In distinguishing between commercial notes on the one hand and investments on the other, courts have observed that collateralized, short-term loans repayable at fixed rates of interest are normally considered commercial notes. National Bank of Commerce v. All Amercian Assur. Co., 583 F.2d 1295, 1301 (5th Cir. 1978). Boeck v. Logan 480 Dairy Farm, 606 F. Supp. 868, 871 (S.D. Iowa 1985). "The definition of a security is not likely to include purely private transactions whose terms are negotiated between lender and borrower. Marine Bank v. Weaver, 455 U.S. 551, 560 & n.10 (1982)." Underhill v. Royal, 769 F.2d 1426, 1431 (9th Cir. 1985). While second mortgages typically involve greater risk than first mortgages, courts "distinguish between the `risky loan' and `risk capital.' Motel Co. v. Commissioner, 340 F.2d 445, 446 (2d Cir. 1965)." Great Western Bank & Trust v. Kotz, 532 F.2d at 1257. The judge did not err in concluding that the notes here were simple, commercial loan transactions rather than sales of securities.
The remedies provided by the Commonwealth's fair trade practices act, G. L. c. 93A, as in effect prior to St. 1979, c. 406, Section 1, are equally unavailable to the plaintiffs. Conceding implicitly that they are not entitled to sue under Section 11 (presumably because they were not engaged in the business of money lending -- see Lantner v. Carson, 374 Mass. 606 , 610-612 , and Begelfer v. Najarian, 381 Mass. 177 , 190-191 , both distinguishing between "a business person and an individual who participates in commercial transactions on a private, nonprofessional basis"), the plaintiffs framed their action instead under Section 9, which at the time [Note 11] was solely a
consumer protection remedy. See Frank J. Linhares Co. v. Reliance Ins. Co., 4 Mass. App. Ct. 617 , 620 (1976). "The Section 9 private remedy [was before 1979] available only to a consumer, that is, a `person who purchases or leases goods or services or property, real or personal, primarily for personal, family or household purposes.'" Slaney v. Westwood Auto, Inc., 366 Mass. 688 , 701 (1975), quoting from Section 9(1) as then in effect. See also Baldassari v. Public Fin. Trust, 369 Mass. 33 , 44 (1975).
Lending money secured by collateral to commercial builders or developers is not a purchase of goods or property primarily for personal, family or household purposes. A commercial transaction is not made a consumer transaction simply because one of the parties is not acting in the course of his trade or occupation. Compare Mechanics Natl. Bank v. Killeen, 377 Mass. 100 , 110-111 nn. 8 & 9 (1979) (expressing doubt that one borrowing money to buy and pledge stocks for his own account was entitled to sue under Section 9 before amendment); Linthicum v. Archambault, 379 Mass. 381 , 386-387 (1979) (reshingling of duplex house used for rental purposes is not a consumer transaction); Murphy v. Charlestown Sav. Bank, 380 Mass. 738 , 742-750 (1980) (holding that the borrower in a home mortgage transaction is not a purchaser of property within Section 9 before the amendment, and suggesting more broadly that a loan by one not the seller was intended by the Legislature to be governed by G. L. c. 140C rather than G. L. c. 93A, Section 9); Danca v. Taunton Sav. Bank, 385 Mass. 1 , 5-7 (1982) (mortgagee not a purchaser under Section 9, even as to incidentals such as plot plans).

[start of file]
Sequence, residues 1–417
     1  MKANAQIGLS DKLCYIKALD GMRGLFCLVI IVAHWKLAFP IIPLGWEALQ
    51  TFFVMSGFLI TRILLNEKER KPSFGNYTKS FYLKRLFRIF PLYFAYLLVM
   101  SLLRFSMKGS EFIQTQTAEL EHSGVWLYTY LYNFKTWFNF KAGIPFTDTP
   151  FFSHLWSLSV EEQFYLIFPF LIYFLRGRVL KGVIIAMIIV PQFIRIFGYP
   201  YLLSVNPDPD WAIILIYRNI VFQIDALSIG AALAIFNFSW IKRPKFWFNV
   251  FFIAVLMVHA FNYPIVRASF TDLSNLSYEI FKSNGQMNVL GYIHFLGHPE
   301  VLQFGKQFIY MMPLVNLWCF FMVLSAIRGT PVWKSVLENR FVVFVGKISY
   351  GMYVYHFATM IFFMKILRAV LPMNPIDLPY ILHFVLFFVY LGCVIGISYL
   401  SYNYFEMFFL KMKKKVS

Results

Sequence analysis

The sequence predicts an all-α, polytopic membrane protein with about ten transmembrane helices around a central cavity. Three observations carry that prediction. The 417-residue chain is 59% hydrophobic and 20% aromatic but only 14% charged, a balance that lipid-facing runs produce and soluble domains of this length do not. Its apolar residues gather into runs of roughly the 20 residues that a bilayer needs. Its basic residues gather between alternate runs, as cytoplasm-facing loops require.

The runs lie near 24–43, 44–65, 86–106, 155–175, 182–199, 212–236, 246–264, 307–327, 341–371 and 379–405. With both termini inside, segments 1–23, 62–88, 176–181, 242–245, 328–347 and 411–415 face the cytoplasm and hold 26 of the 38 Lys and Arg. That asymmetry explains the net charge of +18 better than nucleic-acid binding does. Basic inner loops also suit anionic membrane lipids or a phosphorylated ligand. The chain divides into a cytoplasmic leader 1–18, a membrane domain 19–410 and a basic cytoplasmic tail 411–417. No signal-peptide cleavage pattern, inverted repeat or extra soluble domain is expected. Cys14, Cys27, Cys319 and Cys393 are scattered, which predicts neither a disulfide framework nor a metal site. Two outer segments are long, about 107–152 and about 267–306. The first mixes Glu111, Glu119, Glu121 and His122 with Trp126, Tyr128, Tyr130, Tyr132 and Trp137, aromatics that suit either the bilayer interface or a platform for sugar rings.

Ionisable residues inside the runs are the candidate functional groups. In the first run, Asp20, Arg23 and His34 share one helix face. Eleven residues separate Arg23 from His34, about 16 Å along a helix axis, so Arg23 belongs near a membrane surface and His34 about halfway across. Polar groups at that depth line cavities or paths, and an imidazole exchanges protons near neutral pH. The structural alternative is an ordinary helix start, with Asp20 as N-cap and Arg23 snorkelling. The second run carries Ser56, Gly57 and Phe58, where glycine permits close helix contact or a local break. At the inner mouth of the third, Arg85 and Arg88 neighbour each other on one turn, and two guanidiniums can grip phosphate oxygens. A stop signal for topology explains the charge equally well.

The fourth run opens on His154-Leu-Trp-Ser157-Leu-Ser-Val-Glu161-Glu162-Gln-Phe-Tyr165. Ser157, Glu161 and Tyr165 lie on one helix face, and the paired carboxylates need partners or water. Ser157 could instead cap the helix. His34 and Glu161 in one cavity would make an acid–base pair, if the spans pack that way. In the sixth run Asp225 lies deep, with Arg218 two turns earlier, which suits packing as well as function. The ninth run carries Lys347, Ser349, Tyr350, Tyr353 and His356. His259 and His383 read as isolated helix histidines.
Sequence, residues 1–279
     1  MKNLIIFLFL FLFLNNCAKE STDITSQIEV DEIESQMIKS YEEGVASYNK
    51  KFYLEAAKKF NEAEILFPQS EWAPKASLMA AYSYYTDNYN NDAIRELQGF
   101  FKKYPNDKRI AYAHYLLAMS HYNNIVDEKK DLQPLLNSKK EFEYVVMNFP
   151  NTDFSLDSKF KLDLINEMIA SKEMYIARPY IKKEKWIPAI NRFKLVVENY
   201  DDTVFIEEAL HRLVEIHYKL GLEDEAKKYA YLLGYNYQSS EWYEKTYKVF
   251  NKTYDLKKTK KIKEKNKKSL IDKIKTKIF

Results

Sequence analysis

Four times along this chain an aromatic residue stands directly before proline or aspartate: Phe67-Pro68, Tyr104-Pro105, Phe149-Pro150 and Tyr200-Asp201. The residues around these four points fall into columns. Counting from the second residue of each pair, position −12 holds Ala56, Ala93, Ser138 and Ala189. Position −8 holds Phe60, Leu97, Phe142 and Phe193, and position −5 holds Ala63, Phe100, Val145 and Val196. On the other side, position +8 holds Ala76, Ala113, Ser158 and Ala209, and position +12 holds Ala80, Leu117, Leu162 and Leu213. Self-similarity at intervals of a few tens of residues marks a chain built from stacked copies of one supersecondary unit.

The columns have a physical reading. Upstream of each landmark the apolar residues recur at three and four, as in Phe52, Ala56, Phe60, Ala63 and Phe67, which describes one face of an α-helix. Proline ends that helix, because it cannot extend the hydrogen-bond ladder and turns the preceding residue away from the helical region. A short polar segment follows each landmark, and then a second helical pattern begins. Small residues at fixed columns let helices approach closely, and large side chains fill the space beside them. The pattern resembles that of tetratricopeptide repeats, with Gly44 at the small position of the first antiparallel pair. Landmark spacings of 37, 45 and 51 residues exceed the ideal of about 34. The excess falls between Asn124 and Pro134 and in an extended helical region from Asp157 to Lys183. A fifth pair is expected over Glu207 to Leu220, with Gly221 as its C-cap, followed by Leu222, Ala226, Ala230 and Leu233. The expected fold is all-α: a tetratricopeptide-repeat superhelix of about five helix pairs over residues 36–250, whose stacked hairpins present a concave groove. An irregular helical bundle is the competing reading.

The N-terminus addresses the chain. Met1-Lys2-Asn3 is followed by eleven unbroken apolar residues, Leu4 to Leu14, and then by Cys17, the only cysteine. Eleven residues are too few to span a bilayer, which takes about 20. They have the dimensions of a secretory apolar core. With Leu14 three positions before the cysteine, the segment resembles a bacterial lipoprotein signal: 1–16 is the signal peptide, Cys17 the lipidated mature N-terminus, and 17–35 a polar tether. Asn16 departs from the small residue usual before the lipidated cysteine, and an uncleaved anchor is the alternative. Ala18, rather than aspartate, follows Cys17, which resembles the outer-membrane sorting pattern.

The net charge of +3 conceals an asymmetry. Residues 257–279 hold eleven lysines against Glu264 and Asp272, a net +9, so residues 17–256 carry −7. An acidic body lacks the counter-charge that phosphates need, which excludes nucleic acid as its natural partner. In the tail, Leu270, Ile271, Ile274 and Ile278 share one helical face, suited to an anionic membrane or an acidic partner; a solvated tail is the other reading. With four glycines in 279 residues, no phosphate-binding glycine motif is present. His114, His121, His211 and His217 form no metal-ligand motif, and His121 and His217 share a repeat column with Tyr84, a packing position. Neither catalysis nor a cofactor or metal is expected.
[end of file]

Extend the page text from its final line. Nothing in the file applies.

Under the judge's findings the plaintiffs also encounter serious difficulty in arguing that they were victims of unfair or
deceptive practices. In the first Trowbridge Street loan Nubar and Karnig only supplied the names of the borrowers, this at the request of the plaintiffs. Negotiations were handled solely between the plaintiffs, their attorney, and the borrowers. Nubar and Karnig received no loan origination fee, and their prospective involvement in collecting mortgage interest payments for a commission was understood by all parties (and presumably requested by the plaintiffs). The plaintiffs testified that they sought advice from Karnig and Nubar when Begelfer asked them to lend an additional amount on the Trowbridge Street property; this testimony is not reflected in the findings of the judge, who would have been justified in thinking there was little causal relationship between any such conversations and the plaintiffs' decision to enlarge the size of the note. On the judge's findings the plaintiffs' eagerness was not the result of solicitation by Nubar or Karnig.
The picture is not substantially different in respect of the Sewall Avenue loan. The stipulation that Nubar and Karnig did not explain to their co-lenders that they would receive a loan origination fee (see note 5, supra) is of dubious weight where the lenders already understood that Karnig and Nubar had a financial interest in the loan, both as principals and as loan managers for a commission. The other fact of which the plaintiffs were not specifically advised -- that Begelfer and Iocco had previously paid off a loan from Nubar and Karnig on the Sewall Avenue property -- could properly be treated as a historical fact of little relevance to the plaintiffs' participation in the new loan; and the acknowledged fact that Nubar and Karnig had other loan involvements with Begelfer and Iocco, either personally or for servicing or both (compare Danca v. Taunton Sav. Bank, 385 Mass. at 6), must be treated as governed by the judge's finding that Nubar and Karnig "disclosed fully all material aspects of their activities in the transactions which are the subject of this suit." On the evidence the judge could properly conclude, as he clearly did, that the plaintiffs had failed to make out a factual case of unfairness or deception.